From Holy Land to Hollywood...
Israel is the new Scandinavia when it comes to viewing – the source of inspiration for a wave of new TV dramas
Susie Mesure writes interviews, news and features for the Independent on Sunday, Independent and i, and has done for the last ten years or so give or take two lengthy maternity leaves. She is interested in just about any topic, especially anything Scandinavian, food, or consumer-orientated, and used to be the Independent’s Retail Correspondent
Sunday 30 September 2012
The words Israeli and drama usually herald reports of some intractable conflict in the Middle East. But that is changing thanks to a stream of popular Israeli television series that US studios are rushing to snap up.
The small country, with a population roughly equal to London's, has become an unlikely hotbed for gripping new dramas that are spawning award-winning spinoffs.
Homeland, which was inspired by the Israeli thriller Hatufim, returns for a second series next Sunday (7 October) fresh from its success at the 2012 Emmys where it scooped all the top gongs.
American TV executives are mining Israel's airwaves to find the next candidate to receive the Homeland treatment. NBC's Universal Television has just bought the rights to another mystery series from the Israeli network behind Hatufim. The studio is planning to develop an English-language version of The Gordin Cell, which follows former Soviet spies starting a new life in Israel.
Rick Rosen, the Hollywood agent who brokered Hatufim's sale to the network Showtime among others, said Israel was emerging as the next Scandinavia, another rich source for captivating dramas. "There's an enormous amount of creativity there. There are some great writers and some great shows," he added.
What Israel's series lack in the iconic knitwear and brooding female protagonists, they make up for with psychological tension and deft storytelling. Mr Rosen said Israeli comedies were "edgier" than their American equivalents.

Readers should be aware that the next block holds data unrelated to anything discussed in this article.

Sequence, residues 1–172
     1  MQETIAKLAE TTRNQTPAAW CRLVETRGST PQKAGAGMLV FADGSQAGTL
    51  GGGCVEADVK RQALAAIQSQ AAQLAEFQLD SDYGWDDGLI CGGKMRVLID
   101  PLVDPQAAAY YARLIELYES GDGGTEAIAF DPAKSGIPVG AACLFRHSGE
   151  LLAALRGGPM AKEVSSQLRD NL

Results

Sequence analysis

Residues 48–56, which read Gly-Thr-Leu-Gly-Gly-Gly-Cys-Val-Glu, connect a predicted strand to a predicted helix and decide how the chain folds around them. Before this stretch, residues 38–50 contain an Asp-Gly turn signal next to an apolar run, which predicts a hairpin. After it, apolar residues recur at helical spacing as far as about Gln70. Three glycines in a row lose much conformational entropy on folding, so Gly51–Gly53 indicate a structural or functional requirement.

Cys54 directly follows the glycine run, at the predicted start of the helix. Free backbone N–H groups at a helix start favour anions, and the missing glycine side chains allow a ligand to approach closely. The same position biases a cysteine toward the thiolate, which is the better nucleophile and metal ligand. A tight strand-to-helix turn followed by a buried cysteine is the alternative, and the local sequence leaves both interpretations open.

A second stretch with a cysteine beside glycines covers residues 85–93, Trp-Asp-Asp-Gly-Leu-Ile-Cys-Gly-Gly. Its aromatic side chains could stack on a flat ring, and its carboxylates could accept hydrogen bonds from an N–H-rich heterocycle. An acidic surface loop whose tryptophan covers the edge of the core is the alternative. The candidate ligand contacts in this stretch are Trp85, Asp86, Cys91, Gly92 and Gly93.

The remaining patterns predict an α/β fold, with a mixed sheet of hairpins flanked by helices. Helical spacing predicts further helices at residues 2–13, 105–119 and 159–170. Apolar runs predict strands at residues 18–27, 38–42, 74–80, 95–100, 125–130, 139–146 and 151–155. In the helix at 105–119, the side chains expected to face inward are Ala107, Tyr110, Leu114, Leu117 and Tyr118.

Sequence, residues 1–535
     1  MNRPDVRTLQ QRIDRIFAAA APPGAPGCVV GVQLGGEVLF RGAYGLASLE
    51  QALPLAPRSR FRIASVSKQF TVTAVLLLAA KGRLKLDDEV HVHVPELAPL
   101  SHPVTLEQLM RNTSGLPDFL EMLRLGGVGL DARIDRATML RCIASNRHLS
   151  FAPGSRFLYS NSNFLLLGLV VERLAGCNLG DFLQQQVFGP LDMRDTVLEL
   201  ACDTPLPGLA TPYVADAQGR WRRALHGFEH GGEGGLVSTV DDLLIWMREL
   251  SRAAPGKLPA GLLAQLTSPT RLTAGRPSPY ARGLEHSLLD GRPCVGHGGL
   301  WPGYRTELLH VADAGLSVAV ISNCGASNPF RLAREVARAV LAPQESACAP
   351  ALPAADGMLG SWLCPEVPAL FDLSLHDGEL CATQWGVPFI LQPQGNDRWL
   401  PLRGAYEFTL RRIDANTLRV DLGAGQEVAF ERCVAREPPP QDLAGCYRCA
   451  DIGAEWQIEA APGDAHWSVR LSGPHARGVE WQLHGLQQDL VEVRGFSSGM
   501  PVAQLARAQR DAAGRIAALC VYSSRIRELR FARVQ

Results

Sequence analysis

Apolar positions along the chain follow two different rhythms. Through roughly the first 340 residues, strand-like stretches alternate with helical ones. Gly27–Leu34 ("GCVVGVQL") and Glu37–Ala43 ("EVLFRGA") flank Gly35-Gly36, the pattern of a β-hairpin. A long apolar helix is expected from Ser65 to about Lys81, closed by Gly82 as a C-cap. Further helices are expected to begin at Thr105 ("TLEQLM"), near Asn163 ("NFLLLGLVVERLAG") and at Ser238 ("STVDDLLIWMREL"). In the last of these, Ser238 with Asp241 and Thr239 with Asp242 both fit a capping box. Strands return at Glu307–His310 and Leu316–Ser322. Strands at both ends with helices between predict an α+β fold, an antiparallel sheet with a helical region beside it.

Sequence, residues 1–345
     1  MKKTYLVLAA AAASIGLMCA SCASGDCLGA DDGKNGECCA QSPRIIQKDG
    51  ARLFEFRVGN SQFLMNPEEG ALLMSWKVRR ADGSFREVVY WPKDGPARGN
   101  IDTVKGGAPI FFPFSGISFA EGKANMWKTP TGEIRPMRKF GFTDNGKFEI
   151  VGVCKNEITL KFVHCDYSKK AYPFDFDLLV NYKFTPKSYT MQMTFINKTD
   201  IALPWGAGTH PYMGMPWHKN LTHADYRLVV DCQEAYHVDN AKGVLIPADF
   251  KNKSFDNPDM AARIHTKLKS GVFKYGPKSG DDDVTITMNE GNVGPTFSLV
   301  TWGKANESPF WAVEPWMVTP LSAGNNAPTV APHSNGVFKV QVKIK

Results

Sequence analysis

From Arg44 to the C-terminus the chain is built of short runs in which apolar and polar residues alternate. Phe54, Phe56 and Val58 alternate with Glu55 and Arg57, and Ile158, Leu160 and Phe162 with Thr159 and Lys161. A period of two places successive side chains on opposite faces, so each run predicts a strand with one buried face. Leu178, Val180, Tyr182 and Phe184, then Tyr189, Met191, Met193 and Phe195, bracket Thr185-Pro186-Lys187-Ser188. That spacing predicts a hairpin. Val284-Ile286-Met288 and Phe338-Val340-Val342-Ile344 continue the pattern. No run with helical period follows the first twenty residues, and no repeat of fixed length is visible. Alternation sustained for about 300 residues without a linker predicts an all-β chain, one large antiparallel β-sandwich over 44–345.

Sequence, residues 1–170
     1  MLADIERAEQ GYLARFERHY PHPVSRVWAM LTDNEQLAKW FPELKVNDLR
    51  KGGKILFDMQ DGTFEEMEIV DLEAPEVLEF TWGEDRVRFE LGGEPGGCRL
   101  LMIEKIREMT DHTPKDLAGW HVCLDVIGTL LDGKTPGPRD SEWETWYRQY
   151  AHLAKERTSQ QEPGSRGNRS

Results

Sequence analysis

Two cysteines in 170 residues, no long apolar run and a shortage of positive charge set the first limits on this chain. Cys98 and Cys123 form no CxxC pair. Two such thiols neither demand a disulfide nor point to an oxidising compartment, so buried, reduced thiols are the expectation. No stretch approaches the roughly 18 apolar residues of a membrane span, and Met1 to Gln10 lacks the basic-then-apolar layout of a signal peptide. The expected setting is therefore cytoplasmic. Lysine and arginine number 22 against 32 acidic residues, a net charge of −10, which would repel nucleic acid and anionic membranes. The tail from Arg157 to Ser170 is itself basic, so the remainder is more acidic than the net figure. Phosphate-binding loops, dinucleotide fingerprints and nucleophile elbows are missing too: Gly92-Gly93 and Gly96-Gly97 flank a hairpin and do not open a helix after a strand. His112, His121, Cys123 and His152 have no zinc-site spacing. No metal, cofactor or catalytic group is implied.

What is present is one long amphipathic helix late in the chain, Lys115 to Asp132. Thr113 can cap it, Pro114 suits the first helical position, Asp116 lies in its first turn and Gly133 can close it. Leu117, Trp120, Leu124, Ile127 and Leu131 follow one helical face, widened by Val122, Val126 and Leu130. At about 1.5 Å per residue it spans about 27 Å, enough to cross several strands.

"It's easier to see interesting shows around the world because of the internet," he said, explaining the recent obsession with foreign formats. "The world is a smaller place."
As is clear from Homeland's cult status in the UK, British audiences are as keen on Israeli formats as US viewers. Odelia Haroush, who organised the UK's first Israeli film festival in London this summer, said: "We included television in our festival because there is so much interest. [TV series] are popular because they are very funny and emotional. [They show] the cultural and social diversity of in everyday life in Israel." Seret, the London Israeli Film and Television Festival, will be held again next June.
Other Israeli shows in the pipeline in the US include Yellow Peppers, a drama about a rural family with an autistic son, and Pillars of Smoke, a series about a mystery at a secretive commune. All are being remade for American audiences, because, as Mr Rosen said: "Americans seem to like the American versions."
Richard Ferrer, editor of Jewish News, said the nature of Israeli politics meant local writers, such as Hatufim and Homeland's Emmy-winning Gideon Raff, had plenty of potential plotlines. "Israel's survival is always at stake, so what might appear to be paranoia from a comfortable distance tends to be reality on the streets of Tel Aviv."
Mr Ferrer added: "Talented young Israeli writers like Raff are turning their country's raw survival instincts into edgy and authentic drama. His show Hatufim tapped an open wound in a country where conscription is law and kidnapped Israeli soldier Gilad Shalit was feared lost. It makes for truthful and plausible drama."
Life Isn't Everything
CBS is developing its own version of Israel's most successful ever sitcom about a middle-aged divorced couple who were bad at marriage and are proving even worse at divorce.
Some episodes from the Hebrew version, Ramzor, featured at London's Israeli Film and Television Festival. Fox's English-language adaptation proved a rare disappointment because it messed around too much with the original.
The best-known of the spin-offs is America's favourite drama after cleaning up at the 2012 Emmys. It tells the tale of a former prisoner of war, Sgt Nicholas Brody, played by Damian Lewis, and Claire Danes' suspicious CIA agent, Carrie Mathison.
The Gordin Cell
The latest thriller getting the Hollywood treatment features former Soviet spies. The US version will be called M.I.C.E. (Money, Ideology, Coercion, Ego) and is set to be shown on NBC.
One of the earlier re-makes, this was based on Israel's The Mythological Ex about a woman who visits a psychic and discovers she has already dated the man she is destined to marry.
Pillars of Smoke
Described as part-Twin Peaks, part-Lost, the series is a mystery set in the Golan Heights, which follows the investigation into the disappearance of a cult from the area. In development for US reboot.
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